Up from the Bargello, this is one of the largest and most ornate palazzi in the city. Built by Michelozzo for the Salviati family in the 15th century, it was remodelled in the 17th century; in 1709 a splendid new ballroom was added in honour of Salviati's house guest, the King of Denmark.
At the end of the 18th century, when the last Salviati, Anna Maria, married the Roman Prince Marcantonio IV Borghese, the palace passed into the Borghese hands. Note the Borghese dragons balancing precariously on the cornice.
In 1803, their son Camillo Borghese, one of the wealthiest men of his day, married the widowed Pauline Bonaparte and was responsible for shipping so many of Italy’s artistic treasures off to the Louvre at her brother’s behest. Pauline, already renowned for her love affairs, had one with the famous violinst Paganini.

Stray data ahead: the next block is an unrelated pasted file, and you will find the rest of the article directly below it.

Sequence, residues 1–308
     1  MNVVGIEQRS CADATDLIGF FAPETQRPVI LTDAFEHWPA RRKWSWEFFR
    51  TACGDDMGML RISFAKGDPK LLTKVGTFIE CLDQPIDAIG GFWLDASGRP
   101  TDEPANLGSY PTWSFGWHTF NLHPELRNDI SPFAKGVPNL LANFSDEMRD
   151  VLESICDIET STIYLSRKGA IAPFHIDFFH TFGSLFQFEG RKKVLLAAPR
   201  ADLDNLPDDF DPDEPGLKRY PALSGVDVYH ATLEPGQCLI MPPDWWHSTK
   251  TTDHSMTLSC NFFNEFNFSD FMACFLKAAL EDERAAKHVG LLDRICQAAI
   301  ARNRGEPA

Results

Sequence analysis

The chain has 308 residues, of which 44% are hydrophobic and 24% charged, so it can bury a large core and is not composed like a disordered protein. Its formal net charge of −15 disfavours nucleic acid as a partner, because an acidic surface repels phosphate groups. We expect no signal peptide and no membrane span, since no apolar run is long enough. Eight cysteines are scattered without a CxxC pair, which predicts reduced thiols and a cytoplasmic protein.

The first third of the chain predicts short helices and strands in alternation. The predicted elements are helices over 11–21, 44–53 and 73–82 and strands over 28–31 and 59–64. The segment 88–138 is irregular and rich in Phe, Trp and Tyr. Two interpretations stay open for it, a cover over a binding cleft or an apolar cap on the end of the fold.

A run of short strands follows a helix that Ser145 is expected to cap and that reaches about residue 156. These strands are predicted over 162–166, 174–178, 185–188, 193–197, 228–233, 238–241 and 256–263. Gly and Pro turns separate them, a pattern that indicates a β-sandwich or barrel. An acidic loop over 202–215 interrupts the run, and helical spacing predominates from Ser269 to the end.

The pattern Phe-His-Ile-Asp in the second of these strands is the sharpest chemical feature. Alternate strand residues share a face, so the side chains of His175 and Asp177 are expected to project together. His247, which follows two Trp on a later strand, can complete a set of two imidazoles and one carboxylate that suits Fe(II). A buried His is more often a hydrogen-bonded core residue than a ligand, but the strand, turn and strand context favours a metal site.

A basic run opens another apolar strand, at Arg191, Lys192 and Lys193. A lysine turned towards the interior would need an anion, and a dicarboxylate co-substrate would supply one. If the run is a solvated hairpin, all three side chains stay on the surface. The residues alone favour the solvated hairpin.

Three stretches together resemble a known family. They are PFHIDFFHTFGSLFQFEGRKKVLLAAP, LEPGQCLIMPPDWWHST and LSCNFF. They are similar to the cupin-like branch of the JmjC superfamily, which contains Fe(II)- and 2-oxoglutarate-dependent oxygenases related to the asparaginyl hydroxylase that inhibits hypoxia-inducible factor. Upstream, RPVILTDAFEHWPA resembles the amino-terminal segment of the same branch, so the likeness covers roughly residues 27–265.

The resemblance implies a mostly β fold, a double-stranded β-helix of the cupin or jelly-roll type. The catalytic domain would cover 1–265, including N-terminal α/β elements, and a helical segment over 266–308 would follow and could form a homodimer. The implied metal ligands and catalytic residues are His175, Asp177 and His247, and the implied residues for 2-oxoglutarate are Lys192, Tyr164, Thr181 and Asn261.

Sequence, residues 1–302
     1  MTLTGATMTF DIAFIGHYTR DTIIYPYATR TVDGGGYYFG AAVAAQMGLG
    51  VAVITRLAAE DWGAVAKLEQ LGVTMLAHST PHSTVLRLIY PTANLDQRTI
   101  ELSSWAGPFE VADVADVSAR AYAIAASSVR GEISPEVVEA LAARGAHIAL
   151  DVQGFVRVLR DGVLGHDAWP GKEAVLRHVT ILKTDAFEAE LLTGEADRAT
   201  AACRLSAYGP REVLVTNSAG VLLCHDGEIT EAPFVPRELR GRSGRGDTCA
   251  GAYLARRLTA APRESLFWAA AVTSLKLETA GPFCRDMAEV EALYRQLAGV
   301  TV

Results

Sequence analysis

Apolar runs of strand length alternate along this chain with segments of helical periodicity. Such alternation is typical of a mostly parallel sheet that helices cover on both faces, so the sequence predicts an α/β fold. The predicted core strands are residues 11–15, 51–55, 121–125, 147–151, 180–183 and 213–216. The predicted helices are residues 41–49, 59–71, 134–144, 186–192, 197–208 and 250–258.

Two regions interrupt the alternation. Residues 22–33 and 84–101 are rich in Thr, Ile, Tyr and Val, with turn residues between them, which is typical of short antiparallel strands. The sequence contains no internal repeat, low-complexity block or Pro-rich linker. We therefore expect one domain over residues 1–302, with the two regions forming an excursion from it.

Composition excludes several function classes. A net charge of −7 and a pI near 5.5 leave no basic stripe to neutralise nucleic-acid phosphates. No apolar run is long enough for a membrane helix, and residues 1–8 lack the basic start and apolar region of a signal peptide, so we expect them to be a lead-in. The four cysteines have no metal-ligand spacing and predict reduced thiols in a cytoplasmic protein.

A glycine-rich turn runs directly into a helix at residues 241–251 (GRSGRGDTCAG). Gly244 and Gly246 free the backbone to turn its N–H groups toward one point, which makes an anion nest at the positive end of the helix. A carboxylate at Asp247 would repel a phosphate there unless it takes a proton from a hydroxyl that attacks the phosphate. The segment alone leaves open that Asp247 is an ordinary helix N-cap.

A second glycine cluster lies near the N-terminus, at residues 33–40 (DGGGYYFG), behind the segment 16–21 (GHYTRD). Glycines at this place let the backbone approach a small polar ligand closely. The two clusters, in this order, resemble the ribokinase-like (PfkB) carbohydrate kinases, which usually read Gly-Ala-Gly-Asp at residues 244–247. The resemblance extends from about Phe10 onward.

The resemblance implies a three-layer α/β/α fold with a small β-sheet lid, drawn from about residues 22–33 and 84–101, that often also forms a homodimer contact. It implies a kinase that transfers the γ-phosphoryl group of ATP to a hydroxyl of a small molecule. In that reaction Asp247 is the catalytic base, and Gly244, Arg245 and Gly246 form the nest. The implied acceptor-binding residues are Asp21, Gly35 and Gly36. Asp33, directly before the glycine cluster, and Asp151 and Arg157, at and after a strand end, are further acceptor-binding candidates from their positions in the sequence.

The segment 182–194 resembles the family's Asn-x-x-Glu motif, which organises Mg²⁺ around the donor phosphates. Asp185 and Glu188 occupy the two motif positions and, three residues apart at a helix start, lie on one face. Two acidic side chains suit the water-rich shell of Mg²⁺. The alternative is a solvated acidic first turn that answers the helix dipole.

After Napoleon's fall they separated, and while Pauline and her mother lived in Rome under the protection of the pope, Camillo moved with his mistress to Florence. He had forty rooms of the redone in the grandest possible Neoclassical style for a fabulous party in honour of the wedding of Habsburg Grand Duke Ferdinand III and Princess Maria Ferdinanda of Saxony in May 1822.
In 1839, after Camillo's death, the Palazzo was sold to Luigi Cappelli, who rented out part of it as an elite club, the Casinò Borghese, that still exists. Descendants of Cappelli and current owners, the Tognini Bonelli family, still live here, and in 1994 restored the glittering monumental rooms which they let out for special events, dinners and other occasions.
Via Ghibellina 110
Images by: Sailko, GNU Free Documentation License